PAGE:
PFS

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(This is part 11 in a series. Read the previous part hereNew to the series? Start here.)

It’s been some time since I last updated the world (all ten of you?) on how Heidi’s doing, but given the level of busy-ness that Heidi and I deal with on a daily basis, perhaps it’s forgivable.

A lot has happened since the last update: we sold the family house in Tolland; we had a bunch of semi-successful garage sales and such; Heidi and I adventured in Italy for 30 days; we’ve made a couple of trips to South Carolina to visit beach, family, and our southern abode; Heidi sold her business; we bought a beach house; we are in Antarctica as I finish this entry; and we’ve had several trips to Mass General to visit the brilliant minds of Drs. Lin and Schneider.

The news—and I’ll start with the punch line here—is very good, and has remained so, for each of those visits.

But a bunch of emotions are mixed up inside me as I write this. Because even as Heidi’s cancer has been stable, two others in her ROS1ders group have not been as fortunate. I read of the death of a young woman in England whose life had barely started. She has two young children and an active, exciting life. But the cancer wasn’t found until it was too late… until even the best of medicine couldn’t heal her cancer-ravaged body… until her body was so weak that any intervention caused so many side effects that she eventually succumbed to them and to the cancer. I wept tears of sorrow for her, for her family, for her friends. Those tears were also mixed with those of joy, though: for Heidi, for me, for Heidi’s family and friends, that we should not know this kind of loss… yet.

Yet.

Which leads me to the title, PFS. It may stand for a lot of things (and it does), but most relevantly here it stands for “progression-free survival.” When used in terms of medicine, it usually describes the efficacy of a treatment or progression of a disease, and it’s usually measured in months, at least in the ROS1 cancer circle. The various generations of tyrosine kinase inhibitors (TKIs) have increased the PFS for ROS1 cancers to the neighborhood of 20 months from zero. For example, lorlatinib, the drug of choice for patients whose brains have been invaded by lung cancer cells, has a PFS of 21.0 months for the 21 people who had never been exposed to another TKI who participated in the study.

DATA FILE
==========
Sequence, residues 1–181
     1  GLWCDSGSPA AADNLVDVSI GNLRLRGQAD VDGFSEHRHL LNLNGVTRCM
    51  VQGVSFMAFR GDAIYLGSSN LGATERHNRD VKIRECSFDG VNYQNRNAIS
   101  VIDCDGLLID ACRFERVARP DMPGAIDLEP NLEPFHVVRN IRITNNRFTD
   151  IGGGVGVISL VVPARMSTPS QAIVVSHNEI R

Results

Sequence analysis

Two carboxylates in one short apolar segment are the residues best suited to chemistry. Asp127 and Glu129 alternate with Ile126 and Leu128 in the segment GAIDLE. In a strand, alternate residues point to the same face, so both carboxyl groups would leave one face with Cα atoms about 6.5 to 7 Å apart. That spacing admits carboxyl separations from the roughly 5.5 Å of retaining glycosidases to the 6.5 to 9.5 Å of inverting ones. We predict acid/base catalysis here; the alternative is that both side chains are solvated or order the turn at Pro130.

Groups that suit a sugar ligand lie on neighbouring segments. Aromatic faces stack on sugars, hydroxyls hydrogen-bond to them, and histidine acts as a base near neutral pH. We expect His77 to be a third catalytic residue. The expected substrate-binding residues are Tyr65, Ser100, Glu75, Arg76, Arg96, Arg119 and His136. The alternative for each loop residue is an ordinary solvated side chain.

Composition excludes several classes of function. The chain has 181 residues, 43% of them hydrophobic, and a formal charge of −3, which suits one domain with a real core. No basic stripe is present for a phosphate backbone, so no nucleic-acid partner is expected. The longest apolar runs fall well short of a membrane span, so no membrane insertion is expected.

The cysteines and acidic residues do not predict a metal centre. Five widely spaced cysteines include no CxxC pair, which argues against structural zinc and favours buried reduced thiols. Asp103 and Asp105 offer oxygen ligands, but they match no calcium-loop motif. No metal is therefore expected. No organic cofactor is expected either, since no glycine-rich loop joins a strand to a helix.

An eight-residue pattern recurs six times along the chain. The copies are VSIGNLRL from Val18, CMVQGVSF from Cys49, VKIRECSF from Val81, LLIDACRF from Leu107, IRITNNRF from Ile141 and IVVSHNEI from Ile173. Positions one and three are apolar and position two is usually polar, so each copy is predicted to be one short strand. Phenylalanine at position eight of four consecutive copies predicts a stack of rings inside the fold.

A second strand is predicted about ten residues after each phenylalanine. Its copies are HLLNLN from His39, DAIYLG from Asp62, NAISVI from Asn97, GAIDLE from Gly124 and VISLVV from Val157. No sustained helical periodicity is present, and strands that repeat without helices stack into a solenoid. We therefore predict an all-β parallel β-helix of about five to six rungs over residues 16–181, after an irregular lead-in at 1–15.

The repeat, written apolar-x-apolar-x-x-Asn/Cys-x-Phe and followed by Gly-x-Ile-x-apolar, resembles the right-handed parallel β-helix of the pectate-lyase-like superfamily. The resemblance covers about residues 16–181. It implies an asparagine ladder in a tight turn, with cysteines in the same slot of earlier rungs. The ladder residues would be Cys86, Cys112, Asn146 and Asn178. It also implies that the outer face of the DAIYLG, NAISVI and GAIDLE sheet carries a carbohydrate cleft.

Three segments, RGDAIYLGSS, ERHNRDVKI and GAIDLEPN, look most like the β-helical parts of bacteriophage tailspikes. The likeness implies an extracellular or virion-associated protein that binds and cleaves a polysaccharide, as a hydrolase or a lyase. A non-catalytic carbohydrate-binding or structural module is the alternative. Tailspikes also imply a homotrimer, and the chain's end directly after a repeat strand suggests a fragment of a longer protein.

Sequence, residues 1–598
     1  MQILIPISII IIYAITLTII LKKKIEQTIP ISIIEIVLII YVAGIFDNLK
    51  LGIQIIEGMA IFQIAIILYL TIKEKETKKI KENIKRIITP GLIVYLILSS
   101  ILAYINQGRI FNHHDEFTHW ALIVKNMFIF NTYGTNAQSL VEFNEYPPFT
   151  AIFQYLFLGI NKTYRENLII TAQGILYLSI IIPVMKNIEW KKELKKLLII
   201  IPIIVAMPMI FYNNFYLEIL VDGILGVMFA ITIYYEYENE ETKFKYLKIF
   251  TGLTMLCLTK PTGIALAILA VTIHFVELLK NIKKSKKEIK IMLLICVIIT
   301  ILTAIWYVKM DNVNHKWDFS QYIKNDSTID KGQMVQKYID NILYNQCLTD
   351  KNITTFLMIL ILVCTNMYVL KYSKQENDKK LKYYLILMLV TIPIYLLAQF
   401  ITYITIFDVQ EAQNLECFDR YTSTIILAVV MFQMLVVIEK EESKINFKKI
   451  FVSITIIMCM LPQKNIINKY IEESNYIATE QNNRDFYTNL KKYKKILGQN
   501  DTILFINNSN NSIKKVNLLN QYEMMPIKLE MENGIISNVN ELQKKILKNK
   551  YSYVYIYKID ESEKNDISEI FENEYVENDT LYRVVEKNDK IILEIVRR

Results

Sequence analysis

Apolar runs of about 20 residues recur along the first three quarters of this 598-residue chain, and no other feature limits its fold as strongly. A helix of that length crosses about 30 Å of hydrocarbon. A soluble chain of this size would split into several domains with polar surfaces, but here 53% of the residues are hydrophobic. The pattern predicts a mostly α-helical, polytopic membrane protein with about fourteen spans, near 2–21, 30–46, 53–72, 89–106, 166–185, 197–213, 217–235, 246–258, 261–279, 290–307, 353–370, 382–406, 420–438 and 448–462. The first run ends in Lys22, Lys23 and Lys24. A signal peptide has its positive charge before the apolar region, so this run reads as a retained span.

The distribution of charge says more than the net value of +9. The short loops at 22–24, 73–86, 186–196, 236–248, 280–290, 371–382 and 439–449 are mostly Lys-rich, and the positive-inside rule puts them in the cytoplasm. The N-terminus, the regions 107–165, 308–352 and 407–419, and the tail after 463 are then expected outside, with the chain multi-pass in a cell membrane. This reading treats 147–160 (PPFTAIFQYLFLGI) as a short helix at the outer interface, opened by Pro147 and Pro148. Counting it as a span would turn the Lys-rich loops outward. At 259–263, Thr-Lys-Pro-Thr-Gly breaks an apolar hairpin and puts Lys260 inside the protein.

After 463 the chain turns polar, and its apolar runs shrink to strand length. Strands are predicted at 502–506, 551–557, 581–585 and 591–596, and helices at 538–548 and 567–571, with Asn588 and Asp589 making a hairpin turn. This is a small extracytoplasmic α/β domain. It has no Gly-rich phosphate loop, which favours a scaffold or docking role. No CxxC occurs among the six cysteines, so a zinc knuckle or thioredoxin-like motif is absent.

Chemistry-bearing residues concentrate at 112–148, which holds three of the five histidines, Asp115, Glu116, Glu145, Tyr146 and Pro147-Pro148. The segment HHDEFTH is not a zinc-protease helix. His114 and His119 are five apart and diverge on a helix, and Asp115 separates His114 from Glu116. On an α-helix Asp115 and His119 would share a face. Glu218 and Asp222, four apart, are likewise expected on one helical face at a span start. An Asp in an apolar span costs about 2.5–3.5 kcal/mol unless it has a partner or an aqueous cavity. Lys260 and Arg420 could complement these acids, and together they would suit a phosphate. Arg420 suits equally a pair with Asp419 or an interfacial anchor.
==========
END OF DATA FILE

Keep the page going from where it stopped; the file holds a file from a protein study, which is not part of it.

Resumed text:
The cynical side of me wonders if our health insurance company is happy to pay the $12,000-$20,000 per month in drug costs because, well, they won’t have to pay for them for that long, will they? End of my cynical aside. Back to our story.

For those who have been treated previously with another TKI, as Heidi has, that number is 8.5 months PFS for the 40 people in the study for whom lorlatinib was their second TKI. That’s right. If you started taking lorlatinib after crizotanib, say, in November of 2021, by now there’s a good chance that your cancer has resumed its unholy march through your body, unhindered and free to roam. And since it’s November of 2022, perhaps you’re thinking that you’re living on borrowed time.